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I want to show that if projective covers exist then they are unique up to isomorphism.

More precisely let $f: P \rightarrow M$ and $g: Q \rightarrow M$ be projective covers of an $R$-module $M$.

Using the fact that $g$ is surjective and that $P$ is projective we can find an $R$-map $h: P \rightarrow Q$ such that $g \circ h=f$.

Note then that $\operatorname{Im}(h)+\operatorname{ker}(g)=Q$. Since $ker(g)$ is superfluous this implies that $Q=Im(h)$ so that $h$ is surjective.

But how do we conclude that $h$ is injective?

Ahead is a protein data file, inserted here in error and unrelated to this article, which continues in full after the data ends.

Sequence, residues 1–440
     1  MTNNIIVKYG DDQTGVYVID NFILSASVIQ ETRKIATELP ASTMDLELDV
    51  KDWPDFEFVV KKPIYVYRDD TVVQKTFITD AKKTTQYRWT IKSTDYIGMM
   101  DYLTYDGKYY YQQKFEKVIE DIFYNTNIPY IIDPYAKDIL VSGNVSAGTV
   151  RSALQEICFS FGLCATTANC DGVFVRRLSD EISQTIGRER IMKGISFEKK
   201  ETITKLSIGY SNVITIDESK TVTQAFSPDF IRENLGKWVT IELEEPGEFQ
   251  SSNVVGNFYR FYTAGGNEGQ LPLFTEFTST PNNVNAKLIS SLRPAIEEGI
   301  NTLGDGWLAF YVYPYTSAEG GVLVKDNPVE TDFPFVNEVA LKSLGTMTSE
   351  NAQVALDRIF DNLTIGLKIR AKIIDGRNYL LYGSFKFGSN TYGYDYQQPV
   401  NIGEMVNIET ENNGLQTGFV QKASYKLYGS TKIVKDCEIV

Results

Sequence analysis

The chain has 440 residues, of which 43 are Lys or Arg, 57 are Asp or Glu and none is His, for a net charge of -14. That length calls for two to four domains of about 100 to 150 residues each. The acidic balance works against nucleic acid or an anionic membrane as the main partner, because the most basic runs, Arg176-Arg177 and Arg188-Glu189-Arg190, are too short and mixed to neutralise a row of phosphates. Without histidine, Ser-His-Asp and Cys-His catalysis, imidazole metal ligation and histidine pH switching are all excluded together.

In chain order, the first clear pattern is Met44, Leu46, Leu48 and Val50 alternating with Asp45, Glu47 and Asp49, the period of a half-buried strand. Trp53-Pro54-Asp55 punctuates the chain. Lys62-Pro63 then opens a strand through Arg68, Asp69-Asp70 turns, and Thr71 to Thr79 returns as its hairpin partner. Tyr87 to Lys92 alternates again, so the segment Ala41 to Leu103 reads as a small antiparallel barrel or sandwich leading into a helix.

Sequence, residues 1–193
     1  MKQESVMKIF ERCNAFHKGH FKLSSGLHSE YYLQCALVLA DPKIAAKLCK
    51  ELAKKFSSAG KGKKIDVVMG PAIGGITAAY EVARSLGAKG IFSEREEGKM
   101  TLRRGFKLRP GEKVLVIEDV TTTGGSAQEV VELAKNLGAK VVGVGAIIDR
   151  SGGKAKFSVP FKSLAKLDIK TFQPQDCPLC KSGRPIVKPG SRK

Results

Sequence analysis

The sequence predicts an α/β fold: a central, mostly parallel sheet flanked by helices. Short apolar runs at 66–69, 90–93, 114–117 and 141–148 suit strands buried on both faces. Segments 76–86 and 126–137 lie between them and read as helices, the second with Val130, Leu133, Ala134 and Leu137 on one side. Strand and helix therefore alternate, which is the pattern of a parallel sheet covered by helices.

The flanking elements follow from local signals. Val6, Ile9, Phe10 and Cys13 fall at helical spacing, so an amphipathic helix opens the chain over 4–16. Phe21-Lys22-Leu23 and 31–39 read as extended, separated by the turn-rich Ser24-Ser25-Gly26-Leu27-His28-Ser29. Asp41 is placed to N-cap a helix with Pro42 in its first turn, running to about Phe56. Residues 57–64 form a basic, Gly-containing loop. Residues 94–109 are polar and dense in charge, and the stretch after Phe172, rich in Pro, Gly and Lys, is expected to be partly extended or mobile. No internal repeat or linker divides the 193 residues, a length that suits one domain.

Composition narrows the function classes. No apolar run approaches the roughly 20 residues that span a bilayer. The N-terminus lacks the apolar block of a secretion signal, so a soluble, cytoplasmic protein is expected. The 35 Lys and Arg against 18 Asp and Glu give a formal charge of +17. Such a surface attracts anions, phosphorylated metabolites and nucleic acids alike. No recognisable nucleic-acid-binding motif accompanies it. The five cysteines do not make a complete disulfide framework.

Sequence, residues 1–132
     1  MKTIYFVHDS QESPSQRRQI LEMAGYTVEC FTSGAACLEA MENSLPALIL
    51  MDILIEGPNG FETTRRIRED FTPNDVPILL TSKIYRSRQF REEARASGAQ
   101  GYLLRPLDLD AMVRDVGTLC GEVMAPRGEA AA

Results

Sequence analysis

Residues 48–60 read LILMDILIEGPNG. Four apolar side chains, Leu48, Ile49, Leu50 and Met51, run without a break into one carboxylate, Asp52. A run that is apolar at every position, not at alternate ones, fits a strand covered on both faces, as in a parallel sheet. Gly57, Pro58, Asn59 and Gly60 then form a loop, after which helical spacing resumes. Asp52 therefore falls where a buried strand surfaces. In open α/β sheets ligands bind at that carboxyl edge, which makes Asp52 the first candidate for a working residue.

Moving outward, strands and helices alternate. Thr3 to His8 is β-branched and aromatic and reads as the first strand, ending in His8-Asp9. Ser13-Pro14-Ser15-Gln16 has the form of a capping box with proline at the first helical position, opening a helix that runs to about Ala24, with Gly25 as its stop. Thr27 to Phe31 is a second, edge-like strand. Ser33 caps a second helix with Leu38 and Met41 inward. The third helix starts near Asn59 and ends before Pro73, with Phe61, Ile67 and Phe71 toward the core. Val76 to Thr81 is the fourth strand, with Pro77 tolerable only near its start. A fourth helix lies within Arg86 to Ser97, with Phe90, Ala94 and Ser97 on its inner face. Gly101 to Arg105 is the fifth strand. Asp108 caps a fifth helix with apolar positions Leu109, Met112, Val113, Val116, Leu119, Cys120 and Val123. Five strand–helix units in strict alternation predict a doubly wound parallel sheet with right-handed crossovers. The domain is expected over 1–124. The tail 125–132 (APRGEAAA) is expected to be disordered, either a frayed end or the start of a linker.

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I'm not sure what category you're working in, but I'm pretty certain it's not true if you're working in the category of $R$-modules. For example, take $Q = P \oplus P$. – Zhen Lin Apr 19 '12 at 7:20
@zhen, if P is a cover then that Q won't be. – Mariano Suárez-Alvarez Apr 19 '12 at 8:34
Hm? Why would $g$ be a monomorphism? (if it were, since it is also surjective, $M$ would be projective...) – Mariano Suárez-Alvarez Apr 19 '12 at 18:25
up vote 3 down vote accepted

Repeat your argument. Using the fact that $f$ is surjective and $Q$ is projective there exists a map $h'$ such that $f \circ h' = g$. As above, you conclude that $h'$ is surjective, and you have $g \circ h \circ h' =g$.

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